Understanding Australia’s Human Rights Obligations in Relation to Transsexuals: Privacy and Marriage in the Australian Context

Fiona David, Jake Blight

Abstract


This article examines recent European jurisprudence on the rights of transsexuals to privacy and marriage. The authors argue that Australia’ s obligations under the ICCPR should be understood in light of this jurisprudence. On this basis, Australia is obliged to ensure that its authorities: (a) legally recognise the changed gender of post-operative transsexuals; and (b) permit the marriage of post-operative trans- sexuals to persons of the opposite gender to their re-assigned gender. The authors note the continuing uncertainty around the extension of these rights to transsexuals who have not had ‘surgery’ but argue in favour of extending ICCPR rights in this way. The authors also consider the legal situation regarding privacy and marriage for transsexuals in Australia. Like the international jurisprudence, Australian laws have not dealt with the situation of transsexuals who have not had surgery. The authors argue that legal distinctions based on the surgical model are more about providing certainty than they are about ensuring the rights and dignity of the people affected. Given Australia’s human rights obligations, it would be more appropriate for consideration to be given to the full range of social and cultural factors that affect whether a person is considered to be a man or a woman.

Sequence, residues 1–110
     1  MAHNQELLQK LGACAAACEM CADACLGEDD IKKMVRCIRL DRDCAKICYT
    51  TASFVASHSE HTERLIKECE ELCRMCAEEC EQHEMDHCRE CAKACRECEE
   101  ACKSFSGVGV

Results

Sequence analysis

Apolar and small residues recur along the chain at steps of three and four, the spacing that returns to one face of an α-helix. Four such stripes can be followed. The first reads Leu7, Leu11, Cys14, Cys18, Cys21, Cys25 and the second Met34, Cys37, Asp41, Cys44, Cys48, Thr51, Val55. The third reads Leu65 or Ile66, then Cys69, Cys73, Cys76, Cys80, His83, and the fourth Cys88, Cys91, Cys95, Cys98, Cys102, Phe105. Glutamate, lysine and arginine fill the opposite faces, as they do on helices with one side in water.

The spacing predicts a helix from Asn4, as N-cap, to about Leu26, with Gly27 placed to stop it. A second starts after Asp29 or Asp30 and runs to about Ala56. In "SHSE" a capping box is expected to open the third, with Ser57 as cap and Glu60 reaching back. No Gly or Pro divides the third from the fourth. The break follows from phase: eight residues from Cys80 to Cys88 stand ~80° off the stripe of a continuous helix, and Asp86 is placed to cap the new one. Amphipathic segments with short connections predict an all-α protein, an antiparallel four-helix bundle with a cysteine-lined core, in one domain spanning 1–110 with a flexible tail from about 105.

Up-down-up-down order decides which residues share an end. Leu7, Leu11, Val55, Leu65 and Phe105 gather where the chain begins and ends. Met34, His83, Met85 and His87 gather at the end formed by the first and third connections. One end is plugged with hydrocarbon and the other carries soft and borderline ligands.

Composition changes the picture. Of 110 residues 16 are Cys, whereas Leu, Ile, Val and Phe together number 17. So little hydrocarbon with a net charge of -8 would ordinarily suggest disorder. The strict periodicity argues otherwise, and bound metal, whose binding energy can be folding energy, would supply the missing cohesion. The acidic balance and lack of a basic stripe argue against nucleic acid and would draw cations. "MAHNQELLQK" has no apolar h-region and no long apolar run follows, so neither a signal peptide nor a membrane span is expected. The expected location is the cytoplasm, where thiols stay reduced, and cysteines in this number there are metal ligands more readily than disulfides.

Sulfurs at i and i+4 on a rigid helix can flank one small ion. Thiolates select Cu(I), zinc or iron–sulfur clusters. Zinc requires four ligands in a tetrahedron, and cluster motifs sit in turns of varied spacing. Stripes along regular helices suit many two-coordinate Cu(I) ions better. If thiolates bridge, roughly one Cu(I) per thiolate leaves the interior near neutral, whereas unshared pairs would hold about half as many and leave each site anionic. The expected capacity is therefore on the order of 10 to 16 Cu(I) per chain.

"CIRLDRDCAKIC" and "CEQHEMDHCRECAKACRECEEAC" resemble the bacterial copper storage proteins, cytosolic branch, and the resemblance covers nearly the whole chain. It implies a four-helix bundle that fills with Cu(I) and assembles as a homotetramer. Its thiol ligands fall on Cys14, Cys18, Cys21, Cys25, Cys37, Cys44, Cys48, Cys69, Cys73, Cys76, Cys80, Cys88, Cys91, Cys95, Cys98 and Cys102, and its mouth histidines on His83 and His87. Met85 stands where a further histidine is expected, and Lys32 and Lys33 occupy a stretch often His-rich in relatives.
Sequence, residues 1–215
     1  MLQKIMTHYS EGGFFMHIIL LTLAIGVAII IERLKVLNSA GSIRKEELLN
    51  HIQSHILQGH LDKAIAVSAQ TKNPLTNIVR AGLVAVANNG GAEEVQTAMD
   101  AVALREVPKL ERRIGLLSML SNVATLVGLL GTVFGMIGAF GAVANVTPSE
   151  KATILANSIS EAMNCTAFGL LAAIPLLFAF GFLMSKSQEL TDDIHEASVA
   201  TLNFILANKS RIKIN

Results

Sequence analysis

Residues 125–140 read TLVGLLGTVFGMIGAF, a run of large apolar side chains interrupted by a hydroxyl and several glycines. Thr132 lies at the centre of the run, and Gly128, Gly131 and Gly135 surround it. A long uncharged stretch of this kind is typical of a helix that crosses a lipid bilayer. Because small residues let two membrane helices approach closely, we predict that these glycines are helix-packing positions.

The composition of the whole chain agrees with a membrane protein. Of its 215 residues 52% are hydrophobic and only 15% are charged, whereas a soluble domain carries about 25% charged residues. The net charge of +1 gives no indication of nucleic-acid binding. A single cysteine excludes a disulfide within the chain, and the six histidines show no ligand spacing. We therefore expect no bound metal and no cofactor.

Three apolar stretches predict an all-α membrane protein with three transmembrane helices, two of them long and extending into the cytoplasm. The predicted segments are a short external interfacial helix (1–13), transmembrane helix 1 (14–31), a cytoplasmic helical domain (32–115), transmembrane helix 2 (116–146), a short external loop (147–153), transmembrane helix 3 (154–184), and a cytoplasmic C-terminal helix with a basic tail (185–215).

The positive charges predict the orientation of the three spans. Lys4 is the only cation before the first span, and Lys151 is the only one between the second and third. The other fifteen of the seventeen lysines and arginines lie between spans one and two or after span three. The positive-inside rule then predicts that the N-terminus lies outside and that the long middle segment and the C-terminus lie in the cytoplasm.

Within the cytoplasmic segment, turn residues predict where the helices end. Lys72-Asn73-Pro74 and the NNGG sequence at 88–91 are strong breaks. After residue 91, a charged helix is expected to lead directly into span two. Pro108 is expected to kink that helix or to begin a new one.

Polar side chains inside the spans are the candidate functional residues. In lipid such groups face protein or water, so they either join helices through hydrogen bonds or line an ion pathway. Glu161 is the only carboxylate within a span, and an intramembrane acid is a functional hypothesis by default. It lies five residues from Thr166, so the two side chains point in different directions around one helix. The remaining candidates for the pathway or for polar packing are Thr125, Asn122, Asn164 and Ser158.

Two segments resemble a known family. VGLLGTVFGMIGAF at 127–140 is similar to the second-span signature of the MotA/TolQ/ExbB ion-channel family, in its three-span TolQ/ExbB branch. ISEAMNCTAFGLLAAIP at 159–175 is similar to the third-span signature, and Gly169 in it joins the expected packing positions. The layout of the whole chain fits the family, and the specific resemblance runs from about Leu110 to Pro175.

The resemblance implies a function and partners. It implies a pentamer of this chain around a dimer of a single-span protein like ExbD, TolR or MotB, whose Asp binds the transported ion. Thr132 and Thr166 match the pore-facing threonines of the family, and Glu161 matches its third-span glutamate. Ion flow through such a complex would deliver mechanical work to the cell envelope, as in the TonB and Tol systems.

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DOI: https://doi.org/10.21153/dlr2004vol9no2art246

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